"(Holding) the rally at Borobudur is prohibited! I have ordered the Central Java Police to not give them permission," General Karnavian stated.Jakarta (ANTARA News) - National Police Chief General Tito Karnavian has banned a planned rally on the Rohingya crisis to be held at the Borobudur Temple by several mass organizations on September 8, 2017.
"(Holding) the rally at Borobudur is prohibited! I have ordered the Central Java Police to not give them permission," General Karnavian stated at the Police Headquarters, here, Tuesday.
He noted that the Borobudur Buddhist Temple does not belong to a certain faith, but it is an Indonesian historical heritage and a major tourist destination.
The oppression of the Muslim Rohingya ethnic minority in Rakhine State, Myanmar, has nothing to do with a certain religion, he remarked.
"It is not a religious problem. Here, Walubi (Indonesias Buddhist Association) and Buddhist groups have taken a stern stance. They have condemned the Myanmar government and provided aid for the Rohingya community," he said.
The tragedy in Rakhine is a problem between the government and ethnic minority. The government alleges that it is being attacked by the ethnic minority, Karnavian pointed out.
"I urge the public to be more cautious. This issue has been used more to provoke the sentiments of the Muslims in Indonesia to trigger a sense of antipathy towards the government," he added.
Several mass organizations plan to hold a rally on "Action to Defend Rohingya Muslims" at the yard of the Borobudur Temple. They call the planned rally "A Movement of One Million Muslims to Surround Borobudur Temple."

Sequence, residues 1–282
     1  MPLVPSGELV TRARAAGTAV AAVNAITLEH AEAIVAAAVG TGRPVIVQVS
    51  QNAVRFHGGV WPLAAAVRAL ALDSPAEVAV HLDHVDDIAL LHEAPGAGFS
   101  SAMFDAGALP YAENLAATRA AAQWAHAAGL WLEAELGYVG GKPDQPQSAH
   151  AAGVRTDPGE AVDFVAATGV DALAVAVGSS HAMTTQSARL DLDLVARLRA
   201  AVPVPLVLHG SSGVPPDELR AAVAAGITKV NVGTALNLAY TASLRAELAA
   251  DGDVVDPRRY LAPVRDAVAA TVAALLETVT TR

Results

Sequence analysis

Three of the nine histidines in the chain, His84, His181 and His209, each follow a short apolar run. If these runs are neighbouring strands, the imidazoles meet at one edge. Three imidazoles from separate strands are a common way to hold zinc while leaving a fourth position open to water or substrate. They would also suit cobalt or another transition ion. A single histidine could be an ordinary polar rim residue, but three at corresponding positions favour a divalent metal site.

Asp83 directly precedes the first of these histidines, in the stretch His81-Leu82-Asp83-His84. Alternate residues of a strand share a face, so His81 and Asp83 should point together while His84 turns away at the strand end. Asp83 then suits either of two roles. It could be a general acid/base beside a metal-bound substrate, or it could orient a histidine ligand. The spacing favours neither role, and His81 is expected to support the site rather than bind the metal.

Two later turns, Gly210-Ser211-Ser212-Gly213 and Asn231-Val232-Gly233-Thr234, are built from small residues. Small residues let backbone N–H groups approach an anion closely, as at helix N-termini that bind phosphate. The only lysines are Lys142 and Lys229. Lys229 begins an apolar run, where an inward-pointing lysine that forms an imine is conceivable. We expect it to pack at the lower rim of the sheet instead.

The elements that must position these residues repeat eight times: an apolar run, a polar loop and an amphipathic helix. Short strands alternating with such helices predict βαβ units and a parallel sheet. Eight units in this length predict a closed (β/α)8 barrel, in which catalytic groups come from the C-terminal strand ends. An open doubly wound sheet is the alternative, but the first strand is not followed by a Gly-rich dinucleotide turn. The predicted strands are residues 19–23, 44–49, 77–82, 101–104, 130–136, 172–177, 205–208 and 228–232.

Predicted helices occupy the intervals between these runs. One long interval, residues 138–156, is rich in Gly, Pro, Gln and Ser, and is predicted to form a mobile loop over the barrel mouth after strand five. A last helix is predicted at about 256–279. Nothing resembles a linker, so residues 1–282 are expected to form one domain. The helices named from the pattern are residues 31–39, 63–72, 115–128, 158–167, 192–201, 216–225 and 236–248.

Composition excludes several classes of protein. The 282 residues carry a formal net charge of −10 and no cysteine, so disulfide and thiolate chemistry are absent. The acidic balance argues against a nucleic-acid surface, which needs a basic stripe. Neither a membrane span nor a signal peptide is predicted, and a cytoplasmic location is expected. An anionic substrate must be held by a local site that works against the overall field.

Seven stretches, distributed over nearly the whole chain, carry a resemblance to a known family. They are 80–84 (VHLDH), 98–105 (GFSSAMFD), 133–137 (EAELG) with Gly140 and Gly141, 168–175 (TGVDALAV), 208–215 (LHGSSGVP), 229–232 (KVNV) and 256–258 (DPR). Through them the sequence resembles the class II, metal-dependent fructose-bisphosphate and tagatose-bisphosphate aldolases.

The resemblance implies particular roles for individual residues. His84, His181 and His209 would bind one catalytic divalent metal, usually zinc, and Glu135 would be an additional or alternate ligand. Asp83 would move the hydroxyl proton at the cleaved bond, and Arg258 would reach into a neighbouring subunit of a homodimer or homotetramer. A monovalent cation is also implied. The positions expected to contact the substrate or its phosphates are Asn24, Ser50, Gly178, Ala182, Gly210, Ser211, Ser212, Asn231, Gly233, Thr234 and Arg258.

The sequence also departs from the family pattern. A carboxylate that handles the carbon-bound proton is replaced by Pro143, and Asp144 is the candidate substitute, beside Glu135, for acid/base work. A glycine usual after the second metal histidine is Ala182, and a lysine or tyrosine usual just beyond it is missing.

Meanwhile, thousands of people held a rally in front of the office of East Java Governor Grahadi, in Surabaya, East Java, Tuesday, to protest against the Rohingya ethnic cleansing by the Myanmar regime.
Various members of the community, including women, youth, religious figures, and professionals, participated in the rally.
"What has been happening against the Rohingya ethnic minority is a real tragedy, disaster, and crime against humanity," M. Arifan, coordinator of the Humanitarian Action Committee, stated.
The protestors urged the Association of Southeast Asian Nations (ASEAN) to pressure Myanmar into stopping the genocide on the Rohingya ethnic minority.
The committee also urged the Nobel Committee to revoke the Nobel Peace Prize awarded to Myanmars de-facto leader Augn San Suu Kyi, who is viewed as not being serious in solving the crisis in Rakhine State, home to over one million Rohingya people.(*)